Don’t Define ‘Sex’ To Exclude Transgender, AG Healey Says;
19 State AGs On Board, 31 Not

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Massachusetts Attorney General Maura Healey is leading 18 other Democratic attorneys general in calling for the U.S. Department of Health and Human Services not to define the word “sex” as only either male or female.

Healey sent a letter to two federal agencies making the case that defining “sex” in conventional terms would harm transgender people and others who do not identify with the gender that conforms to their biological sex.

“Our federal laws and policies should promote basic principles of nondiscrimination and inclusion rather than single out people for disparate treatment and exclusion,” Healey writes in the letter to the secretaries of the federal Health and Human Services department and of the federal Department of Education, dated Monday, November 19.

In October, the New York Times reported that the Trump Administration’s Department of Health and Human Services was considering defining “sex” as either male or female, which might change the Obama administration’s inclusion of transgender people as entitled to federal laws and regulations prohibiting sex discrimination.

Healey says that’s a bad idea.

“Despite clear evidence of the serious harms that discrimination continues to inflict on the transgender community, the Administration seems intent not only on rolling back existing federal civil rights protections for this vulnerable population, but also denying transgender people even basic recognition. There is no sound basis in science, policy, or law for taking such a drastic step backward. And the sort of prejudice and intolerance reflected in this effort is antithetical to our values as Americans,” the letter states.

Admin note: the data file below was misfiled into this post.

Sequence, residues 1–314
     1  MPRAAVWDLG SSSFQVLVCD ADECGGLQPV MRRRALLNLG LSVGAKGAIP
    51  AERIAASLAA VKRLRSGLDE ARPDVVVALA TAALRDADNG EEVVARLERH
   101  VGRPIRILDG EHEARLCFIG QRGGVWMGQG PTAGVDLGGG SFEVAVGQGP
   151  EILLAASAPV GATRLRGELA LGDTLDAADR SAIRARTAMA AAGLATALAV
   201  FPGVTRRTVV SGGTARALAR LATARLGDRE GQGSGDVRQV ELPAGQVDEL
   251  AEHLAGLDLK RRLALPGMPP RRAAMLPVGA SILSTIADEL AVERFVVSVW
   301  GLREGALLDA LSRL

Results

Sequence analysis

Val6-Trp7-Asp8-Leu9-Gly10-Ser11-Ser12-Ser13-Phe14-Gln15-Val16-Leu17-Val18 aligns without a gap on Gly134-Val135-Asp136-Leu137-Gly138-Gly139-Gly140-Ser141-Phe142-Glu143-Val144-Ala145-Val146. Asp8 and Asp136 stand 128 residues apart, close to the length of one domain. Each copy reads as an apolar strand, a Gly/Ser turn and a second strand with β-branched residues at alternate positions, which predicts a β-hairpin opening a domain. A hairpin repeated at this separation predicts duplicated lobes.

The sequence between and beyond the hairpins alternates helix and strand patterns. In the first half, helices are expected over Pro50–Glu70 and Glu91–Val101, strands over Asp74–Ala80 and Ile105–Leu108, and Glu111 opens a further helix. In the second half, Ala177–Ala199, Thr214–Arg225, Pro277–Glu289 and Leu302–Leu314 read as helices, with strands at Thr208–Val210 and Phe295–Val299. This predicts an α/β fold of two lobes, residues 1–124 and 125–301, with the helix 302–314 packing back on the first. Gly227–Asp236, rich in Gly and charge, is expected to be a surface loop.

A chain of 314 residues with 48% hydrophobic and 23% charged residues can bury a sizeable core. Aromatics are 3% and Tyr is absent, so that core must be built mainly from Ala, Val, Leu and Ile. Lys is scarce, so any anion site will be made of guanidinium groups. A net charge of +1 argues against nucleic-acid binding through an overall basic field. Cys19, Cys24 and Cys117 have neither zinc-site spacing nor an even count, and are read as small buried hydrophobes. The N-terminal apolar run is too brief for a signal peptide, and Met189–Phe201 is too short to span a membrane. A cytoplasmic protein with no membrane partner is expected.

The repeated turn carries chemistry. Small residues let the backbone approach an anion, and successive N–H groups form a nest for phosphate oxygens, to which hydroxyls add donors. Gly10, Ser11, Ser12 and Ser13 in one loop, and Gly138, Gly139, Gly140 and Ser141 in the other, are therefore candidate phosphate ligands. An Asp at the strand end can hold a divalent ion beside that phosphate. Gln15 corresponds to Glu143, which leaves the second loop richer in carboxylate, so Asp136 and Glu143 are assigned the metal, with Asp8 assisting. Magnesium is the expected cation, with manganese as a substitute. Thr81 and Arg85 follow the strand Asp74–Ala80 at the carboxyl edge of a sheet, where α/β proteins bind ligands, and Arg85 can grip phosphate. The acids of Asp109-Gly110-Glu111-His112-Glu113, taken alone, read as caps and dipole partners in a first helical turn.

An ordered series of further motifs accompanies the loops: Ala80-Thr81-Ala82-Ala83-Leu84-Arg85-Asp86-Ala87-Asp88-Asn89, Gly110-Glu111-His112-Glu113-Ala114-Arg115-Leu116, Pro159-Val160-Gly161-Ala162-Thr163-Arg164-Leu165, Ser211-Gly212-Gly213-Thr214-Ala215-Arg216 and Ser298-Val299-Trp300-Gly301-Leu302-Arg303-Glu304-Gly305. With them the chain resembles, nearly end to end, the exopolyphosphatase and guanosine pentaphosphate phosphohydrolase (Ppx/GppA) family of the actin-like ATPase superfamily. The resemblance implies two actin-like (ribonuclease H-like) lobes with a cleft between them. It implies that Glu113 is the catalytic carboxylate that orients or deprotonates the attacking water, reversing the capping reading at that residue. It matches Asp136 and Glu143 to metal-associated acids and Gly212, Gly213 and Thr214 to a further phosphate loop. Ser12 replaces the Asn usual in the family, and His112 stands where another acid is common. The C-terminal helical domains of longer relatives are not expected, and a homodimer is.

The letter reveals a fault line in American politics between the two major political parties.

All 19 state attorneys general who signed the letter are Democrats. The attorney general of the District of Columbia, who also signed the letter, is also a Democrat.

Three Democratic state attorneys general did not sign the letter:  those in Maine, Kentucky, and Mississippi.

All 27 Republican state attorneys general – including the one in New Hampshire – did not sign the letter. The attorney general of Alaska, who is an independent, also did not sign the letter.

Among the 19 states where attorneys general signed the letter are four of the six New England states (Massachusetts, Rhode Island, Connecticut, and Vermont), as well as California, Delaware, Hawaii, Illinois, Iowa, Maryland, Minnesota, New Jersey, New York, New Mexico, North Carolina, Oregon, Pennsylvania, Virginia, and Washington state.

Among the 31 states where attorneys general did not sign the letter are two New England states (New Hampshire and Maine), as well as Alabama, Alaska, Arizona, Arkansas, Colorado, Florida, Georgia, Idaho, Indiana, Kansas, Kentucky, Louisiana, Michigan, Mississippi, Missouri, Montana, Nebraska, Nevada, North Dakota, Ohio, Oklahoma, South Carolina, South Dakota, Tennessee, Texas, Utah, West Virginia, Wisconsin, and Wyoming.